# GeoGebra

## Equation of Motion App

Access the app in full screen here: https://www.geogebra.org/m/mfvvhjrj

This app is designed to give students practice in interpreting velocity-time graphs with various scenarios, such as more complex examples involving negative velocity and acceleration. Answers will be given if student is wrong.

Use this to embed into SLS or another LMS.

<iframe scrolling="no" title="Equations of Motion" src="https://www.geogebra.org/material/iframe/id/mfvvhjrj/width/700/height/480/border/888888/sfsb/true/smb/false/stb/false/stbh/false/ai/false/asb/false/sri/false/rc/false/ld/false/sdz/false/ctl/false" width="700px" height="480px" style="border:0px;"> </iframe>

## Root-mean-square Currents

The concept of root-mean-square values for Alternating Currents is challenging if students are to relate the I-t graph with the Irms value directly.

They have to be brought through the 3 steps before arriving at the Irms value. This interactive applet allows them to go through step by step and compare several graphs at one time to see the relationship.

Through the interaction, students might be asked to observe that the Irms value is never higher than the peak Io.

For a complete sinusoidal current:

For a diode-rectified current:

In comparing the Irms of both currents, students can be asked to consider why the ratio of the values is not 2:1 or any other value, from energy considerations.

Worked on this earlier as I am the lead lecturer for this JC2 topic and am trying to integrate useful elements of blended learning. Do let me know in the comments if you have ideas or feedback that you would like to share.

## Pressure-Distance Graph of a Sound Wave

This GeoGebra applet was modified from an existing applet to show the relationship between the pressure-distance and displacement-distance graph of a progressive longitudinal wave.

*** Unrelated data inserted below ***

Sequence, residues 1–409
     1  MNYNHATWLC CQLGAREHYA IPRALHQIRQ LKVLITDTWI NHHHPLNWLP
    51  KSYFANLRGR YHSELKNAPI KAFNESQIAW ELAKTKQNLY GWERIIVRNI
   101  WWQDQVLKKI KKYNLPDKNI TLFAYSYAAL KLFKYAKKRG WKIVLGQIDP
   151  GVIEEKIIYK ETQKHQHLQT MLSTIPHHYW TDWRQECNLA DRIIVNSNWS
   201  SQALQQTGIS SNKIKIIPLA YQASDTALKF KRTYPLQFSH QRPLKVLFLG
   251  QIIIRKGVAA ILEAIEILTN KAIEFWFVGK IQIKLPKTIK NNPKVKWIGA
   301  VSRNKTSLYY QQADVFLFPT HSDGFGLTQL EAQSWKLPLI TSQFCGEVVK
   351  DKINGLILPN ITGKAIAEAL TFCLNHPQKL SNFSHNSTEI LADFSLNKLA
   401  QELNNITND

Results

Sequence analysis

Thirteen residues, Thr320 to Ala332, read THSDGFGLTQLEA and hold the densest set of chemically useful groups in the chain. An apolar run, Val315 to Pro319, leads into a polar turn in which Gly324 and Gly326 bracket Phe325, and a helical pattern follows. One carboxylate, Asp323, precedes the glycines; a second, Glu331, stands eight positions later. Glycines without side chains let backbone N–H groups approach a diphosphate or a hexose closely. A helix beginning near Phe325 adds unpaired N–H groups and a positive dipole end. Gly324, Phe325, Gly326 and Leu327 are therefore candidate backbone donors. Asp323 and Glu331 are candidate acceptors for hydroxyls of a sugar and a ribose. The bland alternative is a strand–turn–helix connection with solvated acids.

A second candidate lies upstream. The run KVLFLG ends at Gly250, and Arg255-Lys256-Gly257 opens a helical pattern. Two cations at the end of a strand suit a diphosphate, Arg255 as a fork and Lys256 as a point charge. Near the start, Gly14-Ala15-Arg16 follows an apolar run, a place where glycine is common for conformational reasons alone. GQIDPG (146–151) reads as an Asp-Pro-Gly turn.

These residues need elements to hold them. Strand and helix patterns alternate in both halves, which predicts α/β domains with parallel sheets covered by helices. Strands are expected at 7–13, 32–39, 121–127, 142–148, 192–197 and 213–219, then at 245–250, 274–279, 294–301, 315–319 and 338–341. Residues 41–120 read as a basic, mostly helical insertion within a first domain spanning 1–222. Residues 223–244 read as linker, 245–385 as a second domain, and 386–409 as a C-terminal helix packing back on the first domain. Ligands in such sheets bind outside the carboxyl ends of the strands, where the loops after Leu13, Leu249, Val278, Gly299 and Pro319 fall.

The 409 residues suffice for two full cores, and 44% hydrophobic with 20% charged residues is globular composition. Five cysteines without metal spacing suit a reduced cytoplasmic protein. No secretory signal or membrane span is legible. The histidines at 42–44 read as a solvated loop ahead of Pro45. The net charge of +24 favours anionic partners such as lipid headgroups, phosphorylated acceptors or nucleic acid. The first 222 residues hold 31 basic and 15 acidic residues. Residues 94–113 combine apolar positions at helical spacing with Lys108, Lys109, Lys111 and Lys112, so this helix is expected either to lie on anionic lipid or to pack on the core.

## Escape Velocity

Using the GeoGebra app above, I intend to demonstrate the relationship between total energy, kinetic energy and gravitational potential energy in a rocket trying to escape a planet’s gravitational field.

By changing the total energy of the rocket, you will increase the initial kinetic energy, thus allowing it to fly further from the surface of the planet. The furthest point to which the rocket can fly can be observed by moving the slider for “distance”. You will notice that the furthest point is where kinetic energy would have depleted.

Gravitational potential energy of an object is taken as zero at an infinite distance away from the source of the gravitational field. This means gravitational potential energy anywhere else takes on a negative value of $\dfrac{-GMm}{r}$. Therefore, the total energy of the object may be negative, even after taking into account its positive kinetic energy as total energy = kinetic energy + gravitational potential energy.

The minimum total energy needed for the rocket to leave the planet’s gravitational field is zero, as that will mean that the minimum initial kinetic energy will be equal to the increase in gravitational potential energy needed, according to the equation $\Delta U = 0 – (-\dfrac{GMm}{R_P})$, where $R_P$ is the radius of the planet.

Since $\dfrac{1}{2}mv^2 = \dfrac{GMm}{R_P}$, escape velocity, $v = \sqrt{\dfrac{2GM}{R_P}}$.

## Template for self-assessment questions

Here is a template that I might use to generate questions for students’ self-assessment in future. Based on a query that one of the participants in a GeoGebra online tutorial asked about generating random questions for simple multiplication for lower primary students.

The online tutorial was conducted by some teachers in the Singapore MOE GeoGebra community to share how GeoGebra could be used to create resources for home-based learning.